[Jon] has graciously documented the entire build and even makes various relay logic boards available for purchase if you’d like to embark on your own relay logic exploits . His site overflows with unique clock projects as well, so you can be sure we’ll be checking those out.
If you feel inspired to build your own relay logic project, make sure you source genuine Omron relays, especially if your Relay Computer Masterpiece takes six years to build.
Thanks to [Daniel] for sending this our way. Got a cool project you’d like to share? Be sure to send it in via the Tip Line.
Continue reading “Relay Logic Nixie Tube Clock Checks All The Boxes” →
Join us on Wednesday, August 11 at noon Pacific for the Vintage Displays Hack Chat with Fran Blanche!
In terms of ease of integration and density of the information that can be shown, it’s hard to argue with the fact that modern displays like LCD panels are anything but superior to the character-based displays of yore. Throw one into a project, add a little code from a few off-the-shelf libraries to drive it, and you’re on to the next job.
Efficient, yes, but what does this approach do for the engineer’s soul? What design itch does it scratch; what aesthetic does it celebrate? Nostalgic questions, true, and not every project lends itself to exploring old display technologies. But some still do, thankfully, and when the occasion calls for it, we’re glad that there are those out there who are still actively involved in the retro display community, making sure that what was once state-of-the-art technology is still able to be added to modern projects.
There’s no doubt that Fran Blanche is one of those passing the torch of vintage displays down to the next generation. You’ll certainly know Fran from her popular Fran Lab channel on YouTube, where in addition to about a million other interests, she has explored some really cool vintage displays: the Nimo cathode-ray tube, super-bright incandescent seven-segment displays, the delightfully strange “Bina-View”, and many, many more. Fran will stop by the Hack Chat to talk about all these retro displays, what she’s learned from collecting them, and how they shaped the displays we take so much for granted these days. Oh, and perhaps we’ll also talk about her upcoming ride on “G-Force 1” as well.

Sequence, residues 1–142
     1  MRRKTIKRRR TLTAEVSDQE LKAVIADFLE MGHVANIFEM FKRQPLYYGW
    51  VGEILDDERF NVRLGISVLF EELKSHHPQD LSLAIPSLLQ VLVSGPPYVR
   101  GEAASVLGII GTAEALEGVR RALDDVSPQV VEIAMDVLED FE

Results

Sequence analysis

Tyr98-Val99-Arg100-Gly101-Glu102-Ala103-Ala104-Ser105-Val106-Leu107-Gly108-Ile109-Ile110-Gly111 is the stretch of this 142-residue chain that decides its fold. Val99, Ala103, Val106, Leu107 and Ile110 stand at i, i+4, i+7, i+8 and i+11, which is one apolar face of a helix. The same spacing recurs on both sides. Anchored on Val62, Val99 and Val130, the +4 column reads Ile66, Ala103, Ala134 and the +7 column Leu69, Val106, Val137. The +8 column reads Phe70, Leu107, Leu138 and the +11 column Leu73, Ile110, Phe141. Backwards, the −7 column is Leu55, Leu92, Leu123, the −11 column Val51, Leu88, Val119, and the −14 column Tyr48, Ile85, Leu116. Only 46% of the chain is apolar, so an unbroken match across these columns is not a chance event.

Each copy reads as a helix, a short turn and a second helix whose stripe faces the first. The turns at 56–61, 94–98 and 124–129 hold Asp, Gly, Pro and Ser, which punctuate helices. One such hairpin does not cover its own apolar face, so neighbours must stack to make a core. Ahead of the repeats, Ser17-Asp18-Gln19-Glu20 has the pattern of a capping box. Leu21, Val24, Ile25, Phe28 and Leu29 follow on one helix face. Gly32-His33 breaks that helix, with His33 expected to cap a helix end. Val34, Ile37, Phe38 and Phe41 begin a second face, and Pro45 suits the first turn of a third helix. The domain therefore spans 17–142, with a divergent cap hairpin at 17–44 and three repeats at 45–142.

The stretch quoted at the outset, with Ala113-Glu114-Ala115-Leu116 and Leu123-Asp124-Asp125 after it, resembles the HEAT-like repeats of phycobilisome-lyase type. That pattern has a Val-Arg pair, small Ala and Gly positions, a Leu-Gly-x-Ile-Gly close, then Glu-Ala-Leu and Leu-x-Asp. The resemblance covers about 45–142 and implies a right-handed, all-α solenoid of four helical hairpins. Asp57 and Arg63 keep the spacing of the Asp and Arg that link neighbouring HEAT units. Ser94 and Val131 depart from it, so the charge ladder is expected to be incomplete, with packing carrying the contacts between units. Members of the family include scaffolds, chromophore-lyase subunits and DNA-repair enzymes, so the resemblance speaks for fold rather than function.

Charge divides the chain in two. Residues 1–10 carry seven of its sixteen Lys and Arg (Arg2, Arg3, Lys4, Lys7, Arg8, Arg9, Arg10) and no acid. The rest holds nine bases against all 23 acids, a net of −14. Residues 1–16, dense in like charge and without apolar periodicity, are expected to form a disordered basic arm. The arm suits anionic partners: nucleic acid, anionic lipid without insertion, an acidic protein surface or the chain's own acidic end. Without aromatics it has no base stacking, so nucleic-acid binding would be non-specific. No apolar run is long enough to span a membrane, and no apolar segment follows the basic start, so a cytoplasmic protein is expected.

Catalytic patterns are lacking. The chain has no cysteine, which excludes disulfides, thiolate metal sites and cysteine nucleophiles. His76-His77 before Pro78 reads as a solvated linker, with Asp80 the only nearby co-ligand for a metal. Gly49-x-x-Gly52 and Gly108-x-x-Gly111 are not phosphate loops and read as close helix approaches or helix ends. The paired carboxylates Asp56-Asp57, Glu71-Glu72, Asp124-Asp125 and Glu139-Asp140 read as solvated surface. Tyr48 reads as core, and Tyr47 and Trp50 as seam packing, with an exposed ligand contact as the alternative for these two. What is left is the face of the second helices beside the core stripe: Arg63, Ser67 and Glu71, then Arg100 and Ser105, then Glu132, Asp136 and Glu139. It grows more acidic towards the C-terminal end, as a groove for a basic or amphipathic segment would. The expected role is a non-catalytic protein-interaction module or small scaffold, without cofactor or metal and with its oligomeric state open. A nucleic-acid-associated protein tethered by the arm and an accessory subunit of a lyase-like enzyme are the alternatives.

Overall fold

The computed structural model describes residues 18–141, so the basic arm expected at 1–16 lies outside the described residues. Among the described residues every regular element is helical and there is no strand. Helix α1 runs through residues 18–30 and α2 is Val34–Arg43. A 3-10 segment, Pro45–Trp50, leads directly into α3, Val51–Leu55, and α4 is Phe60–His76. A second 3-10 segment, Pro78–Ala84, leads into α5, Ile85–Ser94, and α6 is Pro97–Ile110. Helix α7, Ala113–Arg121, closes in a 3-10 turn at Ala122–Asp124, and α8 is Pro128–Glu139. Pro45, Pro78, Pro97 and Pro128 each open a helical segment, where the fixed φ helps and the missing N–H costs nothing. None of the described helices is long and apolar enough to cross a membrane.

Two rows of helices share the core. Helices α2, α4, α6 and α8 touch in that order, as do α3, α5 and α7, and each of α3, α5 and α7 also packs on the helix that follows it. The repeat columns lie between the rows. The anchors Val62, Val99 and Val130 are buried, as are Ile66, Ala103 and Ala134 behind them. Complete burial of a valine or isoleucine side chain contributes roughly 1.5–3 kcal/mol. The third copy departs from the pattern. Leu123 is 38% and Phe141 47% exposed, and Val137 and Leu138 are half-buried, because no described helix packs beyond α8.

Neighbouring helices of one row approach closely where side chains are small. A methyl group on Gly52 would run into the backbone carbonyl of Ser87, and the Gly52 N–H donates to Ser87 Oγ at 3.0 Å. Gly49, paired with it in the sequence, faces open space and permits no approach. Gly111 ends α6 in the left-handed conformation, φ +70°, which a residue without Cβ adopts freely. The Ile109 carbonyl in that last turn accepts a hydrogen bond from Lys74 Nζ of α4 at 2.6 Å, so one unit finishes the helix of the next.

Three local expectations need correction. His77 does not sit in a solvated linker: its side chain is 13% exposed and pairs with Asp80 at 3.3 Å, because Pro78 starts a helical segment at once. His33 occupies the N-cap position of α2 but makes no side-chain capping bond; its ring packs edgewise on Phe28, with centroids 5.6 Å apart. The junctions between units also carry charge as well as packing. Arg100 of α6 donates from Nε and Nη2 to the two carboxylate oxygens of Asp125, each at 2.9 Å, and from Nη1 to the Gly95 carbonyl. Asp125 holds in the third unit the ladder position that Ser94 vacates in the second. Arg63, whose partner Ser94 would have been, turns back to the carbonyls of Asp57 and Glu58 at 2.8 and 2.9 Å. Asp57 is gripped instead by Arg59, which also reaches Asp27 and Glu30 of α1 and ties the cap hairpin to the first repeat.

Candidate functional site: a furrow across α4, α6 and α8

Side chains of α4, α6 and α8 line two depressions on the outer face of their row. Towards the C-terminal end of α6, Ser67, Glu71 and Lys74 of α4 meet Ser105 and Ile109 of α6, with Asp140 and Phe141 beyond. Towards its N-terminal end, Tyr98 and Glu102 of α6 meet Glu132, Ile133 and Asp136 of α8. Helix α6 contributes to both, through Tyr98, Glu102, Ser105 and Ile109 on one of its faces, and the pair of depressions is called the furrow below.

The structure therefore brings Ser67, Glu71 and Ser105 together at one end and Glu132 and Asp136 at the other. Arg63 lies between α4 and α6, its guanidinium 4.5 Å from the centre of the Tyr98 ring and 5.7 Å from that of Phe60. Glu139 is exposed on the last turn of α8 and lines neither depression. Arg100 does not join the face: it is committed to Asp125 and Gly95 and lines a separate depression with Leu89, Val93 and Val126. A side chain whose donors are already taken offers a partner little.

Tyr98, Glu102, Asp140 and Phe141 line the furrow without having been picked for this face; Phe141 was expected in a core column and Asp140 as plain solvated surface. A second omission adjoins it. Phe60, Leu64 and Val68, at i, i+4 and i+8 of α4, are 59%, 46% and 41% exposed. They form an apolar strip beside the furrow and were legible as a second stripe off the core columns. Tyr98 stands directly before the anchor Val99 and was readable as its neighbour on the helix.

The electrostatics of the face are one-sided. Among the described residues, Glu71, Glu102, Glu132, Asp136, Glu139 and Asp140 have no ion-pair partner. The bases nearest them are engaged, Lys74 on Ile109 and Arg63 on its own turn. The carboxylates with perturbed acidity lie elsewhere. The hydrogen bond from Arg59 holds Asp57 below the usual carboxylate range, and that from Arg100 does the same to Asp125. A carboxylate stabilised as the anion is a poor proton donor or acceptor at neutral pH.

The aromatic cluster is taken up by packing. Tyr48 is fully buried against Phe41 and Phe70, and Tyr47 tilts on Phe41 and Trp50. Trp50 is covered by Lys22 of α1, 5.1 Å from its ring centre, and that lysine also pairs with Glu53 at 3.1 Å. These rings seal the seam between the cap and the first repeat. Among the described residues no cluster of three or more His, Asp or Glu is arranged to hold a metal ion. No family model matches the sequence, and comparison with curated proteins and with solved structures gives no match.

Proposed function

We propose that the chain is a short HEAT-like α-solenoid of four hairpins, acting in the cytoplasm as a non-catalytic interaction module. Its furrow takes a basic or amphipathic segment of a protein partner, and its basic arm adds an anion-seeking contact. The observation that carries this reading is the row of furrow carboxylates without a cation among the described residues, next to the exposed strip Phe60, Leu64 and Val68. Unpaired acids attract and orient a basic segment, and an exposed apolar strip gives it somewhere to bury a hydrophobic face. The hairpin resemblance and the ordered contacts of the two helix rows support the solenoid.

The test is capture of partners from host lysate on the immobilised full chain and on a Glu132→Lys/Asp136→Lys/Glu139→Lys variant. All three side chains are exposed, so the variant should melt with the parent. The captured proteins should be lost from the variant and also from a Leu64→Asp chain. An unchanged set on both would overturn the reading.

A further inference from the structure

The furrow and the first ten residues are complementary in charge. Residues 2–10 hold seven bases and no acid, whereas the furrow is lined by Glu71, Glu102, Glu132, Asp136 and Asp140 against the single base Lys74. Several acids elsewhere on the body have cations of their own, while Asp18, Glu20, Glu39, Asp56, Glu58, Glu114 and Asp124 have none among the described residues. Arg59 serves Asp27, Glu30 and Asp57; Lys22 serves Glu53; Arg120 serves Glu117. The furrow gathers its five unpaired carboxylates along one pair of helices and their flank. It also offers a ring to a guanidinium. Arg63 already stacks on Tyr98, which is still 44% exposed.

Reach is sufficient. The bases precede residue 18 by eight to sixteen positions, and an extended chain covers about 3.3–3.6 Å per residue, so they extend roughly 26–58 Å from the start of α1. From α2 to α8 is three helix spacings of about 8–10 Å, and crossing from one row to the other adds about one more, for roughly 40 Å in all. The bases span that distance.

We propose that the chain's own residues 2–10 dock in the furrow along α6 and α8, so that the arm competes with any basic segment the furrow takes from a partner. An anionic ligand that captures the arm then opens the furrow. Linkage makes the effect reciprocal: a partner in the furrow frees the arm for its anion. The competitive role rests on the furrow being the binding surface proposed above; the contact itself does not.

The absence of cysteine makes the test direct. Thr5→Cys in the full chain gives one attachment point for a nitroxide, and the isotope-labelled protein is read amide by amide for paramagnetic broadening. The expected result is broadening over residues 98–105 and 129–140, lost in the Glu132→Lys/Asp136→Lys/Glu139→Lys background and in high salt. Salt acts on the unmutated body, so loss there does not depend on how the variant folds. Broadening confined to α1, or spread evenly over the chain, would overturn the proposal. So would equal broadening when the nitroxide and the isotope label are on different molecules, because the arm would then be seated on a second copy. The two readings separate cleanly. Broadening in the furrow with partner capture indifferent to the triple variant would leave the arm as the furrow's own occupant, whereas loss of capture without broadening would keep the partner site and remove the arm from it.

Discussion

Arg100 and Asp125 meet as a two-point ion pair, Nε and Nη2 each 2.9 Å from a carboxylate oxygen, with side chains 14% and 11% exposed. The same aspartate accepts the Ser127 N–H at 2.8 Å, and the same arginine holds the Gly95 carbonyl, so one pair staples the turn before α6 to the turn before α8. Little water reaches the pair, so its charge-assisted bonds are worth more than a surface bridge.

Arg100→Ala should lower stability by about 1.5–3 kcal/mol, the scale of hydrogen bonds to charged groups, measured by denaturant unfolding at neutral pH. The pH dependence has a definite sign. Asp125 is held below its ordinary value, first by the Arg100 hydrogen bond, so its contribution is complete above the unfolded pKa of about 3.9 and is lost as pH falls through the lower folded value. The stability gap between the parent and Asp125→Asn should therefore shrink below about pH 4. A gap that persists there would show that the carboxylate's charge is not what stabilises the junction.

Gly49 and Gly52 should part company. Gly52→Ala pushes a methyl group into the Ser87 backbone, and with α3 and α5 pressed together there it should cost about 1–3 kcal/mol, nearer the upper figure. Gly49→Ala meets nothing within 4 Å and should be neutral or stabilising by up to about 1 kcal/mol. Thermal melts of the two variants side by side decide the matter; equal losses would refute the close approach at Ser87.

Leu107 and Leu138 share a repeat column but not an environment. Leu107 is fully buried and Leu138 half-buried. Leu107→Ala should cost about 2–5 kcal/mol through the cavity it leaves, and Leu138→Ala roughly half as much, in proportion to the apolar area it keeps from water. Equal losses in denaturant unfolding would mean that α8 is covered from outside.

Our Hack Chats are live community events in the Hackaday.io Hack Chat group messaging. This week we’ll be sitting down on Wednesday, August 11 at 12:00 PM Pacific time. If time zones have you tied up, we have a handy time zone converter.
Talk about your mixed timekeeping metaphors: there are clocks, and pendulum clocks, and there are Nixie clocks, and persistence of vision clocks. But this is a Nixie pendulum POV clock, and we think it’s pretty cool.
We first spied this on Twitter and were subsequently pleased to learn that [Jayzon Oeve] has posted a more detailed build log over on Hackaday.io. Rather than a moving array of dots to create the characters to display, this uses a single IN-12b Nixie tube at the end of a pendulum. The pendulum is kept moving by a small nudge created by a pulse through a fixed hard drive voice coil acting on a magnet affixed to the bottom of the pendulum — we’ve seen a similar approach used before.
Pretty much all of the electronics are mounted on the pendulum arm, including a Nano, an RTC, and an accelerometer to figure out where in the swing the bob is and when to flash a number on the display. There’s a video below that shows it at work both at full speed and in slow-motion; as always with POV clocks, these things probably look better in person than on video. And while swinging Nixies around like that seems a little dicey, we like the way this turned out.
Continue reading “This POV Clock Combines A Nixie With A Pendulum” →